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In autumn 1933, Albert Einstein found himself living alone in an isolated holiday hut in rural England. There, he toiled peacefully at mathematics while occasionally stepping out for walks or to play his violin. But how had Einstein come to abandon his Berlin home and go “on the run”?
Andrew Robinson’s Einstein on the Run is the first account of the role Britain played in Einstein’s life—first by inspiring his teenage passion for physics, then by providing refuge from the Nazis.
Read on for an extract.
A hermit life in Norfolk
‘L.L. is wonderful and keeps everything away,’ Einstein wrote to his wife in Le Coq. ‘I live here like a hermit, only I do not need to eat roots and herbs.’ To his son, Eduard, he described his ‘admirable solitude’. As he had hoped back in Belgium, he was now able to spend most of his three or so weeks in Norfolk doing mathematical calculations alone in his hut, and sometimes playing music on a grand piano in another hut or on his violin outdoors. (A third hut was used by Locker-Lampson’s two secretaries, plus a cook brought from London, while Locker-Lampson himself occupied a military-style bell-tent.) He also went for country walks. A second armed guard, Albert Thurston, son-in-law of Eastoe, used to follow him to the local post office. ‘He would walk across the heath and I would follow him with a gun,’ recalled Thurston. ‘Mother would wait with the pram on the road and escort him to the post-office while I waited behind the hedge. Then I would escort him back again. I don’t think the post-office knew who he was. He would buy sweets: simple things like a child might buy.’ Once, Thurston showed Einstein his baby son. ‘He loved children. He touched my son on the forehead and said, “Double crown, he ’ll go a long way.” ’ On another occasion, Einstein invited two local village women to visit him and take tea. But when they discovered his hut full of German newspapers and a chest of drawers full of guns, they took fright and ran away. A contemporary caricature by the political cartoonist David Low captured this unique atmosphere beautifully: it portrayed Einstein as a harmless, diminutive professor with persecuted eyes walking hesitantly beneath a wildly disheveled halo of hair towards a dark shadow.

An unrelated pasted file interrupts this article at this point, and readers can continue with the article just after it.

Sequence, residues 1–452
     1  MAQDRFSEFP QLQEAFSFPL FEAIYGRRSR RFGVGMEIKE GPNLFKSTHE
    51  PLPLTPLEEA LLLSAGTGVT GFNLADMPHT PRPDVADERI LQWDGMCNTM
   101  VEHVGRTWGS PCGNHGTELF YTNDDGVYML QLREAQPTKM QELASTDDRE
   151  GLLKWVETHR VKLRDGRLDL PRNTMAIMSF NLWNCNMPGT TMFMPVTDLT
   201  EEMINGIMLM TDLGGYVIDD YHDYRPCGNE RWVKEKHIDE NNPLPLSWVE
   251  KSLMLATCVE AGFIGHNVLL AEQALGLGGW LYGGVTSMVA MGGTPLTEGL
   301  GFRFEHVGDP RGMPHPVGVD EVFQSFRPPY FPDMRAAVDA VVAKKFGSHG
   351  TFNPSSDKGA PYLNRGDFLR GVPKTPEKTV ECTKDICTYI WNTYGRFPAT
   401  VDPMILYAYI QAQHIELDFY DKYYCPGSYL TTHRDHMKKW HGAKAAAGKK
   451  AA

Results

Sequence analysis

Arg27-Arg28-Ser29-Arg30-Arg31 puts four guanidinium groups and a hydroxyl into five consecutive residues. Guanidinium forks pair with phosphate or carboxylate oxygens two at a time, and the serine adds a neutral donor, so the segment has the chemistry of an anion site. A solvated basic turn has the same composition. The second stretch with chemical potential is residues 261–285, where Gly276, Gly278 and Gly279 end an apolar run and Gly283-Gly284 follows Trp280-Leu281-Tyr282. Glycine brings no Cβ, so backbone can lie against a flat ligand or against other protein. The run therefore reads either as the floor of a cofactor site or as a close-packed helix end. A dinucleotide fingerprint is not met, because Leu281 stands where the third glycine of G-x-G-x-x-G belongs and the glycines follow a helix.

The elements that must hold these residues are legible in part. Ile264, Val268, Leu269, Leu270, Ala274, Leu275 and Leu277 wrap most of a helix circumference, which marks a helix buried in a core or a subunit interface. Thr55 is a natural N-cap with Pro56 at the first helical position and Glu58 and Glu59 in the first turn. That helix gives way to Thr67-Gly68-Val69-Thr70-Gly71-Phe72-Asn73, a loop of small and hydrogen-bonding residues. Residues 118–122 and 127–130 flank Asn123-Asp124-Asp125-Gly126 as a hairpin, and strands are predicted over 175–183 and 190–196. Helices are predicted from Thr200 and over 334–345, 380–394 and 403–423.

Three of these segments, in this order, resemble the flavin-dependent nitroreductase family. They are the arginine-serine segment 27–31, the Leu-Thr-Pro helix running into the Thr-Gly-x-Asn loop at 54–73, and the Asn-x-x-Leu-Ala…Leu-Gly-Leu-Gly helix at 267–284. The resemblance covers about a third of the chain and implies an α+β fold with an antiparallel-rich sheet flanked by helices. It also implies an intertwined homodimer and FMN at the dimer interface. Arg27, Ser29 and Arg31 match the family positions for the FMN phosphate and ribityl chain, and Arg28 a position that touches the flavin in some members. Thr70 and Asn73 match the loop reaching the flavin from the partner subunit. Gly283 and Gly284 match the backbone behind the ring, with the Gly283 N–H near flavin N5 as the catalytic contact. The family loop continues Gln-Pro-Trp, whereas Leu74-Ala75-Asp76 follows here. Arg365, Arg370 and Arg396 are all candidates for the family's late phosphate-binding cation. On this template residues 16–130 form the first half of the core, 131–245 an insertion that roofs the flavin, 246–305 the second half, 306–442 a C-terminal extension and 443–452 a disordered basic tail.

Other than local walks, Einstein seems to have left the encampment only a very few times, such as to call with Locker- Lampson on a near neighbour, the senior Conservative politician and future foreign secretary Sir Samuel Hoare, who was sympathetic to the cause of Jewish refugees. And he received hardly any invited visitors, just as he and Locker-Lampson had intended. Only two visits were of real significance.
The earlier one was that of Walter Adams, a lecturer in history at University College London (and later director of the London School of Economics). He was secretary of the newly formed Academic Assistance Council. Having driven out to Cromer from London, Adams recalled, ‘First we were confronted by one beautiful girl with a gun. Then there was a second one, also with a gun. Finally we saw Einstein who was walking around inside what seemed to be a little hedged compound.’ Adams quickly asked Einstein if he would agree to speak on behalf of academic refugees from Germany at the council’s first public meeting in London planned for 3 October. Einstein almost as quickly agreed. Whereupon Locker-Lampson went away, picked up the telephone and single-handedly hired the Albert Hall, according to Adams.
A visit from Jacob Epstein
Einstein’s second visitor, in late September, was very different. ‘Beachcomber’ introduced him weirdly in the Daily Express as follows:
A suspicious-looking cow waddled up to the hornworks at Fort Lampson yesterday, and miaowed pitifully.